Raznor's Rants

Costarring Raznor's reality-based friends!

Friday, February 14, 2003

I'm so screwed

This week, I signed for my $12,000 student loan check to help pay for the semester, realizing I'm going to be paying for that for a looooong time. But my financial future is not as dismal as it could be - since I'm going for my PhD, it's still five or six years until I have to start paying off my debts. And since I'm a math student, my graduate degree is pretty much paid for. From what I hear, getting accepted in a graduate math program without a full ride is essentially the same as being rejected.

Still, that doesn't mean Ted Rall's latest column on the student loan problem in this country isn't pertinent to my own situation, excerpted below:

The pre-bankrupting of America's best and brightest, the young men and women who attend private colleges and public universities, is one of our nation's enduring, quiet scandals. Momentarily breaking the silence was a Jan. 28 New York Times profile of young adults who, because of their student loans, are forced to choose jobs solely based on pay. Margot Miles, a legal secretary who borrowed $25,000 to attend UPenn, wants to go to law school but "just can't imagine taking out any more loans." Anisa Brophy, an aspiring cartoonist, ran up a $70,000 tab attending Wilson College in Pennsylvania. Even Connie Chavez, whose $10,000 student loan Hofstra bill doesn't seem so bad, "has virtually given up on her dream of going to business school."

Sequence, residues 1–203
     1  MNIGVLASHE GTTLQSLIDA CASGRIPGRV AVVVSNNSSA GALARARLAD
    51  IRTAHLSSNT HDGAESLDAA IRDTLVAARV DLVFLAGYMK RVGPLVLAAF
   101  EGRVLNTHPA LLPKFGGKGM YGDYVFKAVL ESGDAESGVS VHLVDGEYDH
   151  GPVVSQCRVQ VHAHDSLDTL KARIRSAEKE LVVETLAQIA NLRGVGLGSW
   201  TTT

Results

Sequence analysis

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Average tuition and fees at a private college or university is $18,000 and rising at twice the inflation rate. Meanwhile, what students call "real" financial aid--grants and scholarships, not loans--keeps falling. The result is two-fold. The Rand Corporation estimates that 6 million Americans will be "priced out of the system" over the next two decades. And for those who bite the bullet, more students than ever (46 percent in 1990, 70 percent in 2000) end up taking out college loans.

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College tuition is free or nominal in most industrialized, and many Third World, countries. The United States' insistence that students assume huge debts to pay for their college education is unusual enough that the Chinese government included it in its 2001 report of American human rights violations.

Until the U.S. joins the civilized world, our big-spending government can make things easier on twentysomething graduates by abolishing the student loan industry.

Eliminating the debt racket wouldn't be difficult. Calling off the invasion of Iraq, for instance, would save an estimated $200 billion---that's six years of fiscally emancipated youth right there. Eliminating last year's $1.5 trillion tax cut--money that would have gone to rich people who won't miss it--would pay off everyone's student loans for the next 50 years.

Ahh such a life. And of course, this is another thing that won't be fixed because someone is getting rich off of it. Is this a great country or what?

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